Update: Just got Django working on Windows Server 2008! It's running on Apache along side an existing IIS7 install (which is bound to only one IP), and seems to work just fine... And, I'd recommend this route, rather than trying to get IIS7 to play nice with Django - trust me, you'll have a better time of it.

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In the end I decided not to use Django or Rails (maybe jRuby in the future.) I found that Django/Python was hard to use with legacy (old) databases and that Rails convention over configuration was constraining unless I was willing to create all databases from scratch - something I cannot do - and yes I know you don't have to, but it made me feel as if I needed to to take advantage of rails. At the moment I am leaning towards codeigniter - lightweight, can do what I want. Thanks for you answer. I may go back to it. –  johnny Oct 15 '09 at 17:10

You should be able to use the FastCGI isapi developed by MS. It works on 6 but has better integration on 7. Disclaimer: I haven't tried it with Django.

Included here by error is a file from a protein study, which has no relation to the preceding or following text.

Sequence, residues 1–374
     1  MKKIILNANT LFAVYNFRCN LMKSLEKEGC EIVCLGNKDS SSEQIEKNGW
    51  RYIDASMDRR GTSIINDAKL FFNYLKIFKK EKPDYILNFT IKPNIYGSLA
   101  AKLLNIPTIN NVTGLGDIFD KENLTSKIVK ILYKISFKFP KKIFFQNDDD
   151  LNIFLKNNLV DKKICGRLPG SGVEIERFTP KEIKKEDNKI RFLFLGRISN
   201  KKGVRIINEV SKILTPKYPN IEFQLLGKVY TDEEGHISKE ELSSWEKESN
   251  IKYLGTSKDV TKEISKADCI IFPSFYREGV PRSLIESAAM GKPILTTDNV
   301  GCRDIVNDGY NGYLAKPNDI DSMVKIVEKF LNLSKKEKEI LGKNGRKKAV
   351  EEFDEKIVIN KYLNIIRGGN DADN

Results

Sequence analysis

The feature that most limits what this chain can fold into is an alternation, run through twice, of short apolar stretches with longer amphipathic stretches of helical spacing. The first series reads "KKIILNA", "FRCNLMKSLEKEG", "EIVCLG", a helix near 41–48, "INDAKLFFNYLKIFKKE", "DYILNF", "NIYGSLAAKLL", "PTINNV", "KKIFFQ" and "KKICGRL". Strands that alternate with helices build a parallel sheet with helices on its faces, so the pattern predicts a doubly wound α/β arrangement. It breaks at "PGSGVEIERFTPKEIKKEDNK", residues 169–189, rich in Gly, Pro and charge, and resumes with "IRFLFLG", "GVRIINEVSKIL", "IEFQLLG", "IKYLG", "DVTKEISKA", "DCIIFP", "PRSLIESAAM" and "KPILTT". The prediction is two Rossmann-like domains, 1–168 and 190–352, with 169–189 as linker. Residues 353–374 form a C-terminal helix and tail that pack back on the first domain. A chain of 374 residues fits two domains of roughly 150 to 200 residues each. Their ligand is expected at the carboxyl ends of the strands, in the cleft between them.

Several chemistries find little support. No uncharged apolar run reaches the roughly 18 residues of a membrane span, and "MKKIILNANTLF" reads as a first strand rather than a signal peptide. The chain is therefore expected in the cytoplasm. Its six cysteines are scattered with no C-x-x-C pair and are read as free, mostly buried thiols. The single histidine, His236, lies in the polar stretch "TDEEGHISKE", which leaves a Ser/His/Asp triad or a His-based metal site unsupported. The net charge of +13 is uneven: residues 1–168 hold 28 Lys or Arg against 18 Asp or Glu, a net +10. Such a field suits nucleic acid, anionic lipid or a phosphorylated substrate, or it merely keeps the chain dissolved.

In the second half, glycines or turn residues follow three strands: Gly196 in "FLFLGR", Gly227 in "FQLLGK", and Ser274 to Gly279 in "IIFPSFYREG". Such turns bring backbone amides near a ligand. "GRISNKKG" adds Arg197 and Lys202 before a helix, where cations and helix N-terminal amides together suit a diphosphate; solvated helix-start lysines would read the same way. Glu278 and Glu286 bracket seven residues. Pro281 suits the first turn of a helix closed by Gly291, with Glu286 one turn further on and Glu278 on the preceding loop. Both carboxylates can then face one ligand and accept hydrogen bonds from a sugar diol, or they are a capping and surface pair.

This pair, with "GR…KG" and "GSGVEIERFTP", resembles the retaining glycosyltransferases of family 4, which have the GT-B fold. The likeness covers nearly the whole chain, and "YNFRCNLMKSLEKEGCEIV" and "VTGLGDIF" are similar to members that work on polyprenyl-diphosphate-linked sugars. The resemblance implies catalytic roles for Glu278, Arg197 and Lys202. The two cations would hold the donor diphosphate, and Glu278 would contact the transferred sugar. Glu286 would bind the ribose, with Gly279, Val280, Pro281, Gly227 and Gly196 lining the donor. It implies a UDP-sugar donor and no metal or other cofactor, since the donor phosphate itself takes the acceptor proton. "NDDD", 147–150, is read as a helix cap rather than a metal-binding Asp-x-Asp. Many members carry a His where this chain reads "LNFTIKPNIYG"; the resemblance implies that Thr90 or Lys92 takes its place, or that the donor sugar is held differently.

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"official" support is usually not provided for anything but products and languages created by Microsoft.

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I mean like an official port by the django team. From all I read it is made only or mainly for apache. thanks. –  johnny Dec 19 '08 at 21:53

As for the "official" bit... Since Django 1.0 (and newer) are all-WSGI compliant, it will not surprise me if the WSGI at some time will become the only "official" deployment method. Since mod_python is deprecated (and not developed anymore) and FastCGI is really served by FCGI-to-WSGI gateway, this seems reasonable prediction.

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not to mention that mod_python is a royal pain in the posterior - I have to bounce mod_python apps about 10x more often than mod_wsgi/mod_uwsgi apps. –  Bryan Rehbein Dec 16 '09 at 21:23